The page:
From Mouse to Man

What the latest basic science research is telling us about the human mind

How easy is it to fake ADHD?

Fake ADHD in just 5 minutes with Google

Disturbingly easy. All you need is 5 minutes with Google according to a new study.

 

Many of you will be thinking "why would anyone want to fake ADHD!?" Well a common reason is to gain access to stimulant medications with the hope that they will boost academic performance, or for more simple abuse purposes.

Additionally, students with learning disorders (inc. ADHD) are usually given access to additional resources, both educational and financial. These resources are genuinely needed by students with learning disabilities and include things like extra time for exams and coursework, more favorable marking schemes, reduced workload, additional teaching. However, for a student that does NOT have a learning disorder, these resources would present a significant advantage.

A new study, from the laboratory of Professor David Berry at the University of Kentucky  examined the ability of college students to feign ADHD. The authors (Sollman, Ranseen and Berry) took three groups of students; those with ADHD (but temporarily off their medication), those without ADHD and those without ADHD but told to pretend they had it.


This last group of "fakers" was told that if they could convince the assessor that they did have ADHD, they would be given 45 dollars. They were given just 5 minutes of preparation time, which they spent with information obtained from Google.

All groups were then assessed using standard ADHD tests by researchers who were unaware which group the students had been assigned to.

Tests for detecting ADHD fall into two broad categories. Firstly, and most simply, there is self-report, where the patient describes their symptoms in response to structured questioning. Second there are neuropsychological tests, where the patient is asked to perform a particular task. These often appear much like a simple computer game and are structured such that persons with ADHD will make certain types of mistakes on the game due to impulsivity, inattention or other ADHD symptoms.

Sollman and co tested both categories of test using multiple approaches.

Two self-report tests were administered, the ADHA Rating Scale ("ARS") developed by Barkley and Murphy and another known as the "Conners Adult ADHD Rating Scale (CAARS)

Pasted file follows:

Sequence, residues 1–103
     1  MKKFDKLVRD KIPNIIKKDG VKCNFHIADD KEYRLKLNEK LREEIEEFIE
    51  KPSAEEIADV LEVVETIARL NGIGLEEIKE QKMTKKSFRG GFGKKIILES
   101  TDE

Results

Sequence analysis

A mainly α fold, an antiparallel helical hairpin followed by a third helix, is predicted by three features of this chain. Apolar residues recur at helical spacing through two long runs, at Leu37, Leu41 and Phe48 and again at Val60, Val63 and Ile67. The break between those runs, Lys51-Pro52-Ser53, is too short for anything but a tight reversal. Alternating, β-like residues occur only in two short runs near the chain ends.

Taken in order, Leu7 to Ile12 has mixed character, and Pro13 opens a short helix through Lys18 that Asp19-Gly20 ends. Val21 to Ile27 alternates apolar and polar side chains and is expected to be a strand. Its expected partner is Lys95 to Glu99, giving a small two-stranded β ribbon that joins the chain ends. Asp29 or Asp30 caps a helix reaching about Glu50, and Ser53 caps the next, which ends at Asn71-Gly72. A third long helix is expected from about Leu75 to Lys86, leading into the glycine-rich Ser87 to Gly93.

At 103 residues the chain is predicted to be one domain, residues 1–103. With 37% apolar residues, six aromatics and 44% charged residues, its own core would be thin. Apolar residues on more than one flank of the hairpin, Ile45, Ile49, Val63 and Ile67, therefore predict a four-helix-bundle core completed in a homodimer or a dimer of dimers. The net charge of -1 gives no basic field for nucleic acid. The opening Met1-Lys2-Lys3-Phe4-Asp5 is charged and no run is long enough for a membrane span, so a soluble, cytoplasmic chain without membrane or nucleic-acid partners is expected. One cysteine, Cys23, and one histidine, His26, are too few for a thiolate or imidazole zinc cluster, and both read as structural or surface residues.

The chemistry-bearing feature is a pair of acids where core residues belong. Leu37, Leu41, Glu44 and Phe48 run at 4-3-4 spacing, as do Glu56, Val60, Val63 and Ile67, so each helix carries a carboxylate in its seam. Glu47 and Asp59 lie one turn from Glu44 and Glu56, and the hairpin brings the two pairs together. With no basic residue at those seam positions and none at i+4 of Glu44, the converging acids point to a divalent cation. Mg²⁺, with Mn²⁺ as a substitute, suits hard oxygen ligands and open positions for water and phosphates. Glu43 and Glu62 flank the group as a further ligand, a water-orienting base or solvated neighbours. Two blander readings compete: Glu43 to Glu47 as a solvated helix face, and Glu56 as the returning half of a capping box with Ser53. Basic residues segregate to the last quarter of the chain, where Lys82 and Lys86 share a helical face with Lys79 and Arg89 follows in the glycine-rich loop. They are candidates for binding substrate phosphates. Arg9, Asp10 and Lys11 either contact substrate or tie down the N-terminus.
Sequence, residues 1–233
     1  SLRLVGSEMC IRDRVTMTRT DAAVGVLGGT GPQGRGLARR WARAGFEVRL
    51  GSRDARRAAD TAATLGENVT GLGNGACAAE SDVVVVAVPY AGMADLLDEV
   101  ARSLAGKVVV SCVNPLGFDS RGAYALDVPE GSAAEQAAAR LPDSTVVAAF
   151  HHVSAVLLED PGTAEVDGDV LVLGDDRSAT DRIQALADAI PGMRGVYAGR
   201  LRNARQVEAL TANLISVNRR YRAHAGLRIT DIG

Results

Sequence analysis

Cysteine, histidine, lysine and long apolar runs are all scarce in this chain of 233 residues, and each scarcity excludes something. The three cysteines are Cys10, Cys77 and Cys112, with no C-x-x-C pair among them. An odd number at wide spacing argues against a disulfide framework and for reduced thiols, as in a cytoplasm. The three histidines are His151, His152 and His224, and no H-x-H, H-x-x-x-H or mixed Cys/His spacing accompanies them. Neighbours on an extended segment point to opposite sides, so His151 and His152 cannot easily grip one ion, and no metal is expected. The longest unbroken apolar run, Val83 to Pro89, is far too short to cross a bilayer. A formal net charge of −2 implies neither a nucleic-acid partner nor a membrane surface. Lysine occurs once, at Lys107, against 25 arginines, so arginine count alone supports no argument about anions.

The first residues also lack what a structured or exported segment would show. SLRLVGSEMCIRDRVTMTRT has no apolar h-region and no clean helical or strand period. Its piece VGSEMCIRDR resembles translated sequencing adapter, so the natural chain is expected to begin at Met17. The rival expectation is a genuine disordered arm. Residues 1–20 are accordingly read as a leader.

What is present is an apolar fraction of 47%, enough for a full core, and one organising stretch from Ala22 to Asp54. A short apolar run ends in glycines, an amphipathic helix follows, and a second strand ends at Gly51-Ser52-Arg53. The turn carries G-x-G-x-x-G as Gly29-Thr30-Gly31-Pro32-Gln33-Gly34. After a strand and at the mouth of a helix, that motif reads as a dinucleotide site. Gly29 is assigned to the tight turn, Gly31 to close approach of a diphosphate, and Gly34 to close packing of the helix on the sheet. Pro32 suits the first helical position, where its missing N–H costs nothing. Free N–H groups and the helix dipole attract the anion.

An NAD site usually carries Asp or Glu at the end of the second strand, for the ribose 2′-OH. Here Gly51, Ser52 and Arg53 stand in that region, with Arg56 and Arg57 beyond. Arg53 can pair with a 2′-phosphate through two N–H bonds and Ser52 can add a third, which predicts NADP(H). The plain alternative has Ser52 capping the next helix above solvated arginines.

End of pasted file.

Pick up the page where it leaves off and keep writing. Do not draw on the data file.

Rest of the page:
Neither of these tests could distinguish between students with ADHD and those faking it.

The more complex neuropsychological tests did not fare much better, some were successfully faked, while others showed a tendency for fakers to overdo it resulting in more severe symptoms than might be seen in ADHD. Perhaps more troubling, these neuropsychological tests were not able to differentiate between true ADHD and control individuals (who had no symptoms and were not faking).

There is a long history of symptom-feigning in psychiatry, driven by legal, financial and academic motives. To counter this, a battery of tests has been developed to detect feigners. As yet there is not a specific test to catch feigned ADHD. Sollman and co used a range of general "malingering" tests to see if they could detect the fakers. No test by itself was able to pick out the students with fake ADHD. A glimmer of hope was offered by pooling the results of all these tests together, which did detect students who were faking their ADHD. However, this approach also identified two students with genuine ADHD as fake. Clearly an undesirable outcome.

In the wider context of public health, the over/misdiagnosis of ADHD is a big issue. The tests themselves are unreliable, misdiagnosing ADHD even in persons not willfully faking.The ease with which ADHD tests can be faked must surely also play a role, especially since the ease with which ADHD tests can be feigned has been known for a while eg 1, 2. Obviously those willfully faking ADHD will contribute to the problem, but it's easy to see how a misdiagnosis could be arrived at without such malicious intent; test scores are bad? having difficulty concentrating? Someone suggests ADHD and you make an appointment to see someone about it. It's natural that you would do some reading beforehand and this study shows that 5 minutes with Google will tell you what the clinician is looking for. It would be just as easy to fool yourself that ADHD is the reason why your grades have been bad.

Another interesting wrinkle is the problem this poses for ADHD research. Take the study in question; how are the researchers to know that the participants with "true" ADHD group haven't themselves faked their way to an ADHD diagnosis, willfully or otherwise? This could even potentially explain why some of the neuropsychological tests used did not pick up "true" ADHD.

Oh dear, what a mess! What is to be done?

 

 

 

 

 

Philip M. Newton, Ph.D. is a Neuroscience Lecturer at Swansea University Medical School in the United Kingdom.

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